Casino table game revenue takes a dive in BC, Canada with new anti-money laundering legislation to blame.
Columbia Lottery Corp (BCLC) released its latest financial data,
reporting revenue for the provincial gaming market in the fiscal year
ending March 31, 2019. On the surface, the figures looked good.
Underneath it all, however, a clear message was unveiled, telling the
public just how effective the new anti-money laundering (AML) laws
are, and how degenerate the market was prior to the enforcement of
those new laws.
In July, the
regulator published its financial
report, noting annual gaming revenue of $2.59 billion for the
2018-19 fiscal year. That figure represents a rise of 3.5% since the
same 12 month period in 2017-28. BCLC’s net income experienced a slim
increase of 1%, bringing in $1.4 billion for the province.
assessment insinuates that everything is copacetic, with figures
heading northward. But peel back enough layers, and we find there’s
a lot more to the story.
Casino Table Game Revenue Takes a Dive
Anyone who’s been paying enough attention lately to the BCLC’s documented financial reports may have noticed some discrepancies of late. The gaming regulator’s 2017-18 revenue stats had to be recalculated due to an ‘accounting change’ within the Crown Corporation’s offices. Where BCLC had originally reported revenue of $3.27bn in the 2017-18 fiscal year, those figures were recently adjusted to just $2.5, reflecting stagnation in YoY yield.
The end result was
a respectable increase in revenue from casinos and community gaming
centers, up 2.7% to $1.4bn, but a rather steep decline in table
games revenue, down 7.8% to $454 million. After expenses, net revenue
from casinos and community centres is actually down 3.9%, from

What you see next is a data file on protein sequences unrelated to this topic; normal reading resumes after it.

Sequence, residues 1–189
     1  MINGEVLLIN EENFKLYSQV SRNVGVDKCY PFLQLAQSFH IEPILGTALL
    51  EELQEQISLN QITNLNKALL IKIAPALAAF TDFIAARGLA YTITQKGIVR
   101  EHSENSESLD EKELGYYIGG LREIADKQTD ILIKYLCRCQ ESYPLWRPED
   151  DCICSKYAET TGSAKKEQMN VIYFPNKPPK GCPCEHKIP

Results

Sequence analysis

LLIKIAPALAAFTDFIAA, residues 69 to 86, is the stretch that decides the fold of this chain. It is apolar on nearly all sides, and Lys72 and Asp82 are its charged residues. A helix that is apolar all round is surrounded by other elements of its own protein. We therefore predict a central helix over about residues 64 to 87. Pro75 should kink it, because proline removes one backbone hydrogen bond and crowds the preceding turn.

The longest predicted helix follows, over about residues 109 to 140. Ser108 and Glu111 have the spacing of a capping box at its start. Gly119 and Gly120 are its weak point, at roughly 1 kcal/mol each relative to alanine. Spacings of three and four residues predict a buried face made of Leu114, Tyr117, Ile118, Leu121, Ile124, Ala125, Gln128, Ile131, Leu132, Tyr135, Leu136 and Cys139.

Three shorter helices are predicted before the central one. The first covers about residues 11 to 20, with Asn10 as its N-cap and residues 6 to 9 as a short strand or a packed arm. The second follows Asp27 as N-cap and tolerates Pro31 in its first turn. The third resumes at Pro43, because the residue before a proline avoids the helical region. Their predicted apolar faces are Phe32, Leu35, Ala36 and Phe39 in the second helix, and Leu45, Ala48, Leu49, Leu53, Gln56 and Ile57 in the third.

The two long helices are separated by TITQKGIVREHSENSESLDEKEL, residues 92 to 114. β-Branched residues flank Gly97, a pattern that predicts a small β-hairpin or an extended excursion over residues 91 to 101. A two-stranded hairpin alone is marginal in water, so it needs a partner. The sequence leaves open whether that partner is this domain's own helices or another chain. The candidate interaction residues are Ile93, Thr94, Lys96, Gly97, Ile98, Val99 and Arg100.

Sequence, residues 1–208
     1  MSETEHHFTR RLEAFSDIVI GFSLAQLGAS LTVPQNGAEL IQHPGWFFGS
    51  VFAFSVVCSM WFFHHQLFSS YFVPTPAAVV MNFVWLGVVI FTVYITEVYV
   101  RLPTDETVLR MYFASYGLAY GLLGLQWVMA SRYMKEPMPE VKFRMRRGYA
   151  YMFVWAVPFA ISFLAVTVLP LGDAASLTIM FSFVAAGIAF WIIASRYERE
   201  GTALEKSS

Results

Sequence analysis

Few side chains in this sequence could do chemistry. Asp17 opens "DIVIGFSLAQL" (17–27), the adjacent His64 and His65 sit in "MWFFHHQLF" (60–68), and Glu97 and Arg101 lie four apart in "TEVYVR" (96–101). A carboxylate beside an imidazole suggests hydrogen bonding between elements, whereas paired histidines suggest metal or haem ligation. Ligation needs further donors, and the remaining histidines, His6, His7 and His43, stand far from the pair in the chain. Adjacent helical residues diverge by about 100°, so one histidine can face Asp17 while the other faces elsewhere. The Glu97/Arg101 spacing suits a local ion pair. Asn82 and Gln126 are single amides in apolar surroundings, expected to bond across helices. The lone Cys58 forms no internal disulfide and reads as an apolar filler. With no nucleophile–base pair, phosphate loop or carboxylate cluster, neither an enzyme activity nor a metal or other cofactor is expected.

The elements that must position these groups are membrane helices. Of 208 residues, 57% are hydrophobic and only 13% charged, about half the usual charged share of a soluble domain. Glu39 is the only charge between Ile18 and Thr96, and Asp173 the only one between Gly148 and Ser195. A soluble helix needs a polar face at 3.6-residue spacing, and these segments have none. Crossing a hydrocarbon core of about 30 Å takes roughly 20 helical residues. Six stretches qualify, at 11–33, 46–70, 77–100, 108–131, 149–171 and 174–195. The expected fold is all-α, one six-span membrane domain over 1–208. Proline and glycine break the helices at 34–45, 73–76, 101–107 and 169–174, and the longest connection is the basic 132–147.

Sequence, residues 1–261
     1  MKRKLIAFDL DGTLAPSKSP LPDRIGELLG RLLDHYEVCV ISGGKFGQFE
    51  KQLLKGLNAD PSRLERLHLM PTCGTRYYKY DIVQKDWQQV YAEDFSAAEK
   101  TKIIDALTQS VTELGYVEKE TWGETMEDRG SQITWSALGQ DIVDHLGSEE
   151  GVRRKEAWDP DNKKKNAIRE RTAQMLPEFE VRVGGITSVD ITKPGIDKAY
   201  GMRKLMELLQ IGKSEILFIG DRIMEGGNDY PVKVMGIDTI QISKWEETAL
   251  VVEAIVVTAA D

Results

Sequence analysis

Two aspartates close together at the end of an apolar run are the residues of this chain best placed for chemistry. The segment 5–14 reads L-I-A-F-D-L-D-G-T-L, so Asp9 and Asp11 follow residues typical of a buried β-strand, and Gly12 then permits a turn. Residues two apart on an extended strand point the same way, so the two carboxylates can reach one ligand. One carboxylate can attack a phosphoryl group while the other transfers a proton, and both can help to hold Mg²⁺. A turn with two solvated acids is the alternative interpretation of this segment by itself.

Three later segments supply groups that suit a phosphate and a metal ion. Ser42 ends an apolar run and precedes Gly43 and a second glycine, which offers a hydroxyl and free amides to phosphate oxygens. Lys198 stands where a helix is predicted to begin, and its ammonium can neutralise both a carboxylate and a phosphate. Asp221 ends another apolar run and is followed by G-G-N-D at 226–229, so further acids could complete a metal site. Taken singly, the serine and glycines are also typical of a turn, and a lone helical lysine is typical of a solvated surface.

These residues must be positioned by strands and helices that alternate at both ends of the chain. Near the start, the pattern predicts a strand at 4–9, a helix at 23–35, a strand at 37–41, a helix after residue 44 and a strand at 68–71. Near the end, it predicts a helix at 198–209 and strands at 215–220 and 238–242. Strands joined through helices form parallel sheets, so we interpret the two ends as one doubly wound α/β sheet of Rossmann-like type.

$1.02bn in 2017-18, to $983.5m in 2018-19.
New AML Gambling Laws to Blame
There’s only one
clear culprit for the diminishing table games revenue at BC, Canada
casinos. An extensive investigation by provincial leaders unveiled a
tumultuous scandal involving Chinese high rollers and millions of
dollars worth of money laundering, all taking place at British
Columbia’s lower mainland casinos – namely Great Canadian Gaming’s
River Rock Resort in Richmond, BC.
revealed a very deep rabbit hole, extending back more than a decade
and involving authority figures within the province’s own gaming
regulatory body. The end result was a strain of new AML regulations
being drawn up, enacted and strictly enforced. As such, VIP players –
particularly those with criminal intent – aren’t nearly so
attracted to BC’s casino table games, and the most recent revenue
reports are clearly reflecting it.
BC Online Gambling Revenue On the Rise
As for the BCLC’s
online gaming portal, Playnow.com, the reports are all good. Revenue
is up $30m YoY, jumping 25% from $119.9m in the previous 12 months,
to $149.8m in 2018-19. The actual amount is nearly three times higher
than the $12m hike regulators projected in their previous budget.
BCLC is attributing
the rise to “strong player participation” in a number of
verticals. Most notable is the installment of Evolution Gaming’s
multi-award-winning live dealer gaming tables, which were added to
the platform near the close of the previous fiscal year. Online slot
machine play also experienced a boost following increased
availability of popular slot titles in the BCLC’s mobile platform.
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